Naturally, the privacy concerns surrounding this type of passive data collection are immense, but many consumers are growing more comfortable with the idea of granting access to some of their data in exchange for a benefit. In this case, the obvious is a free wearable device.
As with other consumer research, a best-practice to allay concerns is to emphasize in the agreement that the data is not personally identifiable, will be used for research only and won't be provided to third parties.
3. The ABCs of getting to the why
Once you've mastered a system to effectively gather the obvious data-points about consumers' actions, think about how to augment that information to get to the underlying reasons why they do what they do.
You can then combine what you know about the customer with what you know about the journey, and feed that back into your marketing program to move confidently on certain service tweaks, ad campaigns, merchandising decisions, product launches, and promotions.
Say you're a local coffee shop that learns through wearable data that your targets get less sleep on Sunday nights due to workweek anxiety, you could capitalize on that by offering a Monday morning special of a discounted espresso and pastry bundle. Or maybe you're a mattress store that knows people sleep poorly in January; you can plan targeted ads and sales around that time.
One of the simplest ways to add a qualitative initiative to a wearables marketing program is to ask the consumer pertinent questions at the end of each day or week, depending on your timeframe. These questions could be asked through any form of SMS, text, or email, per the participant's preference.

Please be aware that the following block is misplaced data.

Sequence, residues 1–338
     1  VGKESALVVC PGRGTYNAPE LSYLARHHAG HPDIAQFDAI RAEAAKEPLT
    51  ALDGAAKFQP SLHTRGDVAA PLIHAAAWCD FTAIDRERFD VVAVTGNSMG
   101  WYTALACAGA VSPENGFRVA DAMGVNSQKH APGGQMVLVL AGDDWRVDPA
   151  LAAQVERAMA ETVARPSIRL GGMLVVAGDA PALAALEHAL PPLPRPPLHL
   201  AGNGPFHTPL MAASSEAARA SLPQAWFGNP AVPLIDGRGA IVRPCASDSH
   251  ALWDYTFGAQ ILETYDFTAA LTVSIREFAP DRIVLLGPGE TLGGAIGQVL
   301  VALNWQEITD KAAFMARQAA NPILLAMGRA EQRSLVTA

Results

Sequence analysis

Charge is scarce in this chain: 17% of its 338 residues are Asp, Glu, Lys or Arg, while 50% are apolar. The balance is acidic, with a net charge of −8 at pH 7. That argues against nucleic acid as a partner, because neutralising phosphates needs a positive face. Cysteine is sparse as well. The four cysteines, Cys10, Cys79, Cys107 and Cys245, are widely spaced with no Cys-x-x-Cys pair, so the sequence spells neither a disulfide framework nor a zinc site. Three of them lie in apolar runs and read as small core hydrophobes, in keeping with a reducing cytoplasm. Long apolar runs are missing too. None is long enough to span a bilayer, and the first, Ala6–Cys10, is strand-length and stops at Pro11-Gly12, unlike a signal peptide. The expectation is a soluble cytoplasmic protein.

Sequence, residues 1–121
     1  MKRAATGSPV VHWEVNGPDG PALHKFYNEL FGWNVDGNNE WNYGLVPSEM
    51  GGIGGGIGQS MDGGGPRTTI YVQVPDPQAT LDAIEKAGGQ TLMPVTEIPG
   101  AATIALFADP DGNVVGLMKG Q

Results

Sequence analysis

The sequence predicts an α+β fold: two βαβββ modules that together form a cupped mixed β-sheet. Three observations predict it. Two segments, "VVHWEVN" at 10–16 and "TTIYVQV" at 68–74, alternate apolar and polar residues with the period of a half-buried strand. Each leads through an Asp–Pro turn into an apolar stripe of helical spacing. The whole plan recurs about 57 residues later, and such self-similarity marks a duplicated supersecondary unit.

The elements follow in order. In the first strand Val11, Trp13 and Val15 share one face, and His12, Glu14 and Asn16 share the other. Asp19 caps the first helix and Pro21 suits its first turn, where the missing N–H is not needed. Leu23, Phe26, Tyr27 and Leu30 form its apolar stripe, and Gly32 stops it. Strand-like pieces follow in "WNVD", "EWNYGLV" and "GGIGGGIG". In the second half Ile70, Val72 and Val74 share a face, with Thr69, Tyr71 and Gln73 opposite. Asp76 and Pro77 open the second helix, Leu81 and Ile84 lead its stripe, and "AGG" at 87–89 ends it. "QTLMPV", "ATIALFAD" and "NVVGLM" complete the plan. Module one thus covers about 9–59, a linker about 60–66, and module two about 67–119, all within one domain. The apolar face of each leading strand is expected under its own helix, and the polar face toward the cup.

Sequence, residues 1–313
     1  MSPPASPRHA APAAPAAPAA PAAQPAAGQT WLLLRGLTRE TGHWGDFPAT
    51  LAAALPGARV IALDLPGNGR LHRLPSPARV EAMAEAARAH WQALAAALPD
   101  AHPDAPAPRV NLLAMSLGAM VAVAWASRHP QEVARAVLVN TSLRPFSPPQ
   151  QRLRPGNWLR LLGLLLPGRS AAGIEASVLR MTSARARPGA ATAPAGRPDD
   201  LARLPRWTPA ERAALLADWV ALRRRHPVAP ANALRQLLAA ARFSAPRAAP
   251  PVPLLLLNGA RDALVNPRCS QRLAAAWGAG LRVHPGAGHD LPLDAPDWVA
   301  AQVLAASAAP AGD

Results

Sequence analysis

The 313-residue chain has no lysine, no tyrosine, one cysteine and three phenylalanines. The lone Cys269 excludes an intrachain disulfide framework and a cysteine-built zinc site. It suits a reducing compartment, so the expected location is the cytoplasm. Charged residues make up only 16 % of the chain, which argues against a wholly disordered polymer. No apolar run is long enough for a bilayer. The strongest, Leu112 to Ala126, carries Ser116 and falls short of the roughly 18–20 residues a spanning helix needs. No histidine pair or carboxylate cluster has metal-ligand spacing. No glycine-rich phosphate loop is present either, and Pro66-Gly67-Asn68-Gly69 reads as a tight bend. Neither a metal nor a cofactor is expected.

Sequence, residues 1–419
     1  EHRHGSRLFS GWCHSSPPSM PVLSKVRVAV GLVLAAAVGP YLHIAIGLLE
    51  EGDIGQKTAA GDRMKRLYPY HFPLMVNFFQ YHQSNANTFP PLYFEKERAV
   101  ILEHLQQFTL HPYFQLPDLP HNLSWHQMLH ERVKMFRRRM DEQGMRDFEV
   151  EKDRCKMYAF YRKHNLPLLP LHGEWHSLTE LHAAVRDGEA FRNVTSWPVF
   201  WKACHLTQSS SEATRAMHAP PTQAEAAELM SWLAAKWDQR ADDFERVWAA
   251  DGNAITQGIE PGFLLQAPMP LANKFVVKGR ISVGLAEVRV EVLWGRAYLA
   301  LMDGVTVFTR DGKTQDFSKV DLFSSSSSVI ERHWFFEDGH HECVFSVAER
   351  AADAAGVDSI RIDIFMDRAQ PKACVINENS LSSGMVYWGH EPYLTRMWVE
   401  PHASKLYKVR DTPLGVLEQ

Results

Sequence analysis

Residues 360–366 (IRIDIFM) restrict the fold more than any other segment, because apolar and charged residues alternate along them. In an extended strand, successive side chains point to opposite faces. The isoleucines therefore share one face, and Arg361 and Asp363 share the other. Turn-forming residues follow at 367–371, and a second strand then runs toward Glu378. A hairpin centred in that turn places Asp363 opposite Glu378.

Another option is to request stimuli that provide a deeper look into consumers' experiences. This could take the form of anything from a video diary upload to photos posted to an online bulletin board. The optimal approach is to query participants in real time, as that will provide you with top-of-mind feedback. As a researcher, you just have to let the audience and objectives dictate whether real time is necessary and can be done practically and without being a pest. If not, then end-of-day or intermittent Q&As are the way to go.
A Word of Caution
With Apple Watch leading the way as a "hero" device, wearables will see enormous growth this year and have a profound impact on the way marketers conduct research. That said, don't expect them to replace the methodologies in practice today and cure all of your research ills. It should instead be looked at as a means to enhance existing tools and gather much more information about your consumers than you can now.
Also, the odds of misreading data from wearables are high, which is why it's wise to layer the output on top of other data and evaluate it over time. Looking at things such as heart rate and making the leap that participants felt a certain way about something requires expert analysis and an abundance of data-points. Did their heart rate spike when they entered your tire store because of your array of shiny rims or because they were elated to find you had a powerful air conditioner on a scorching day?
You'll only know by asking why.